Comeuppance in Cleveland: Proud Wizards get Game 2 reality check

CLEVELAND -- The Washington Wizards came into Cleveland like a lion and left like a lamb.

The Wizards are famous for their swagger but not for their postseason play. That dynamic has shown up thus far in their series with the Cavaliers; Washington trails 2-0 after the Cavs smacked them 116-86 on Monday. The Wizards, who were humbled in crunch time by LeBron James in Game 1, were outplayed by the Cavs in every category in Game 2. That had their captain trying to send a very different message after the game.

Antawn Jamison spoke to the media, but it seemed like he was also speaking to some of his teammates, who may just have awakened the Cavs from their late-season doldrums.

"Let's get something understood," Jamison said. "We didn't underestimate [the Cavs]. ... I don't want what was said a month ago to have the effect of how we view this team. Let's be honest, some guys talked, but it's over with. We have a lot of respect for this team and we know what they are capable of. ... This is a team that can create a lot of problems for many teams in the NBA."

The Wizards had no shortage of confidence, gliding into Game 2 in cruise control. Coach Eddie Jordan said before the game that it was the most important one of the series -- for the Cavs. Despite missing practice with a sprained right wrist on Sunday, Gilbert Arenas was in his normal jolly mood after shootaround Monday afternoon; his wrist was wrapped, and he was taking one-handed shots from half court against teammates for money.

Then Game 2 began, and the Wizards were outplayed and outcoached, losing to the Cavs for the eighth straight time in the postseason over three seasons. It's the longest such streak in the NBA since 1997. And it just might have been a sobering moment for the always-proud Wizards.

Jamison said he and Caron Butler, as captains, needed to do a better job of "controlling this team." Jordan said he did a "horrible job" of having his team play "with intensity, discipline and organization."

"We are playing the [Eastern Conference] champions," Jordan said. "I know they changed their team, but they still have the same coaching staff and, in a respectful way, the monster player. And he's taking over the series."

The monster would be James, who is on his way to becoming a certified villain in D.C. He didn't do it with any last-minute heroics this time, just 39 minutes of dominance. He had 30 points, 9 rebounds and 12 assists, and he appears to be totally unfazed by the Wizards and the way they're playing him.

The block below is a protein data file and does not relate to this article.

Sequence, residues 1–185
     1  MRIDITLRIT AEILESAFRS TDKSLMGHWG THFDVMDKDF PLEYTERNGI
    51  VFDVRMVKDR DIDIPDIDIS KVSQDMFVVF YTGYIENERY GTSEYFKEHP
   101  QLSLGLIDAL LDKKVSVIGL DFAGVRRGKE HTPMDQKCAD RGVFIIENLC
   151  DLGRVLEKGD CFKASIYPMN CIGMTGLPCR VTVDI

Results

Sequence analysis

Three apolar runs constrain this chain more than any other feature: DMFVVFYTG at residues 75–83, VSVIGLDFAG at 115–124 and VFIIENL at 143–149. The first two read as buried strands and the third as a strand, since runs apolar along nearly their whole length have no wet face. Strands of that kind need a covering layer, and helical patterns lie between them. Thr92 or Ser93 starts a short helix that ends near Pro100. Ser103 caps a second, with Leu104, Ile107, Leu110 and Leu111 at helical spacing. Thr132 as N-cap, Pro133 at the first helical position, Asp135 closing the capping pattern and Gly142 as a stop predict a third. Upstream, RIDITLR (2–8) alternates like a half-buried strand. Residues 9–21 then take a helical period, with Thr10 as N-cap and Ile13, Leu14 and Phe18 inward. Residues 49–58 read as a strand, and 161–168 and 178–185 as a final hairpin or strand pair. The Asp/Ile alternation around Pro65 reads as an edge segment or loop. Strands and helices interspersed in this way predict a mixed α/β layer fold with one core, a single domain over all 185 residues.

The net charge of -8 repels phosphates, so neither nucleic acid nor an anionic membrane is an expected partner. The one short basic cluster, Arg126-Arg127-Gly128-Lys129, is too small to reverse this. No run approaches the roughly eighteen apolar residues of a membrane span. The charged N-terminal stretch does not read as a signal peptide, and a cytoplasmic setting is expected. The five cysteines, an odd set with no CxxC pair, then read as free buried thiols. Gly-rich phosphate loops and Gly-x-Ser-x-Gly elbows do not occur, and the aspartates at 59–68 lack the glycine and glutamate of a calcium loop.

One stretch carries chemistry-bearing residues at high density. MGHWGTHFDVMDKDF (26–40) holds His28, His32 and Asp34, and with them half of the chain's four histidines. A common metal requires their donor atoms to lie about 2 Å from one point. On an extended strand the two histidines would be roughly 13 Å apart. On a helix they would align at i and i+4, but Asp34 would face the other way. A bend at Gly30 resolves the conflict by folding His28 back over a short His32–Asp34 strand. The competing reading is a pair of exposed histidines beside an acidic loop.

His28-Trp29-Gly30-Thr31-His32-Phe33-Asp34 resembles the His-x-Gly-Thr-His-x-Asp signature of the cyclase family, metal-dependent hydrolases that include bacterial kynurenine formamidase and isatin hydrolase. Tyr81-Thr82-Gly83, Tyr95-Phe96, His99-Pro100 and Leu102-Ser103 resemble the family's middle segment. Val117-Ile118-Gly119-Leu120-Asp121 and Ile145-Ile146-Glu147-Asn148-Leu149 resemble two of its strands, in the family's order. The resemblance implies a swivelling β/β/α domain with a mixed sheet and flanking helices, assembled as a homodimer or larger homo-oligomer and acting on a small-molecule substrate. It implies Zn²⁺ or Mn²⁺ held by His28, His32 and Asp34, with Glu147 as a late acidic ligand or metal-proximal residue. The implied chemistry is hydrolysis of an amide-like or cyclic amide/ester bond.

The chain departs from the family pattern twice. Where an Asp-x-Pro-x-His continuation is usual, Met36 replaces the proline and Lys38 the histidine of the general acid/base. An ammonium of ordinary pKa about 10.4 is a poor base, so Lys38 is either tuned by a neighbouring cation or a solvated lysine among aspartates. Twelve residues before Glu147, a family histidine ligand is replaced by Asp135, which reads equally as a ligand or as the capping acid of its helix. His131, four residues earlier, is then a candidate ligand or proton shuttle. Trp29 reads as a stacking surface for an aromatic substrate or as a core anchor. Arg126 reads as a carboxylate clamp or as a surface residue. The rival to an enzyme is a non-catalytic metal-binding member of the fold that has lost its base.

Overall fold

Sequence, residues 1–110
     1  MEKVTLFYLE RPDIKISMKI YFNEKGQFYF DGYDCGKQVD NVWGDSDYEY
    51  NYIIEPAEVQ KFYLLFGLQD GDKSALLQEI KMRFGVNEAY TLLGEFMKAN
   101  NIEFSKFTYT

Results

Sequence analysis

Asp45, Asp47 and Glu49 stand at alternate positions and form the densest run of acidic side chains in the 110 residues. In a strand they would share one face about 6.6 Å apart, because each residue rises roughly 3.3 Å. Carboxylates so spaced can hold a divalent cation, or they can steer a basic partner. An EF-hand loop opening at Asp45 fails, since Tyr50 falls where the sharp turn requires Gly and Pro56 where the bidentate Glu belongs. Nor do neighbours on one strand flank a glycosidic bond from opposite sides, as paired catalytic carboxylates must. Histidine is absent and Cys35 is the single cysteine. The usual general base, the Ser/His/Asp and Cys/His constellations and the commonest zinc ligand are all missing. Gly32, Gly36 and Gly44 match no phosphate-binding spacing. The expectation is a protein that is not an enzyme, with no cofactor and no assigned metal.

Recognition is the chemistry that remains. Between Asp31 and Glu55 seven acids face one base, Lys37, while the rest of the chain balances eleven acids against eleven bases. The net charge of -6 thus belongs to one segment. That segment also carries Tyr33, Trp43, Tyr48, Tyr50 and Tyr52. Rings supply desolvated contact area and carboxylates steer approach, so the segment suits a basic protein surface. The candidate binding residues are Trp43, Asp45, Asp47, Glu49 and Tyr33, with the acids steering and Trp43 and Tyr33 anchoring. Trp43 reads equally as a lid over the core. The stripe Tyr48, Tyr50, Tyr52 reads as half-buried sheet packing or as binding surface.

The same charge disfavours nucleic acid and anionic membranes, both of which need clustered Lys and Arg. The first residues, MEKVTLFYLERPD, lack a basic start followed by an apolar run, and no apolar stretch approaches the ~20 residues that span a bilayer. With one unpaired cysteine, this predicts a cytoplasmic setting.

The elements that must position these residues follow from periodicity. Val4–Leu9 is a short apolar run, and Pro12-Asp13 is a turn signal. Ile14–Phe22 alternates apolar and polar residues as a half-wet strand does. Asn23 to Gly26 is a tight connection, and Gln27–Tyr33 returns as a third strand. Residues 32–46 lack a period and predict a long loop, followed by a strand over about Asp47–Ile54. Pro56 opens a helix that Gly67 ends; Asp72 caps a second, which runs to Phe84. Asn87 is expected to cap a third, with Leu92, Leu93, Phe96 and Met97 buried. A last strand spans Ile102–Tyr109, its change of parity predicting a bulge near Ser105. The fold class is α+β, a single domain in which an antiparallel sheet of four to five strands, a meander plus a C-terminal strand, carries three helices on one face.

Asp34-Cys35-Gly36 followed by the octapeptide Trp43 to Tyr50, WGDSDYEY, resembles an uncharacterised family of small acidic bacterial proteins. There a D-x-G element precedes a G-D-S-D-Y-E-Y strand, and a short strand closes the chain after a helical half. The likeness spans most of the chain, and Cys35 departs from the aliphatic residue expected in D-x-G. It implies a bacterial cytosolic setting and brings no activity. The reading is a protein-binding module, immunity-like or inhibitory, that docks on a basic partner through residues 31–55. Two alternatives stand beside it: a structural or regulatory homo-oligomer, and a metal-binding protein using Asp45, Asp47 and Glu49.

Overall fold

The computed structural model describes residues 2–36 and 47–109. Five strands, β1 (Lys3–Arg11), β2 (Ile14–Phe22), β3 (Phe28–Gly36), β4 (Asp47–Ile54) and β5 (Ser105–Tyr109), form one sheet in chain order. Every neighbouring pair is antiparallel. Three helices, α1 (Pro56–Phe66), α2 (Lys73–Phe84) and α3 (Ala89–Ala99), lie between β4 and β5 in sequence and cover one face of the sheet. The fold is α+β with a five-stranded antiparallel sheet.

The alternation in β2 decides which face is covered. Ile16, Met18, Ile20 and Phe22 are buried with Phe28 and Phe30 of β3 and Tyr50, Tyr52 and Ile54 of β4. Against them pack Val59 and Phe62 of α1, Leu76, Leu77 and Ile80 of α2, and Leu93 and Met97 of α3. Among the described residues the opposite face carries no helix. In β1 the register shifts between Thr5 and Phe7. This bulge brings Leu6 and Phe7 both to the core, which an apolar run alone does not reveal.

"They're trying to play physical. They're sending double- and triple-teams. They're trying to get me out of my comfort zone. They're trying to get me to the point where I am frustrated," James said. "I'm mentally prepared as the leader of our team. We're here to win a series; we're not here to talk."

He wasn't the only one who got it done. Cavs coach Mike Brown was red-hot, too, piecing together some quality matchups. He moved James to guard Arenas, with the idea that James' length would make it hard for Arenas to get off shots. Because Arenas' knee is still recovering, he is not as effective getting to the basket. With James on him, Arenas was rendered ineffective, shooting just 2-of-10.

At the other end, Brown was able to gain an edge when smaller players guarded his extremely tall starting lineup. Wally Szczerbiak (15 points), Zydrunas Ilgauskas (16 points) and James (especially when Arenas tried to guard him) easily converted hoop after hoop as the Cavs shot 52 percent.

The Wizards' frustration was manifested in the third quarter when Brendan Haywood shoved James as he flew toward the basket for a dunk. Haywood was ejected, and in a perfect capsule of the night, the Cavs made the play work against the Wizards, turning it into a five-point possession.

There is still time for the Wizards to correct themselves, but it will take quite a turnaround in both play and attitude. The Cavs, meanwhile, after playing probably their best game of the season on the two-month anniversary of their massive trade, seem to be in quite a groove.

"We're worried about going over our scouting reports and watching game film, getting in tune with the game plan," Szczerbiak said. "We're not getting caught up in anything else."

Brian Windhorst covers the Cleveland Cavaliers for the Akron Beacon Journal.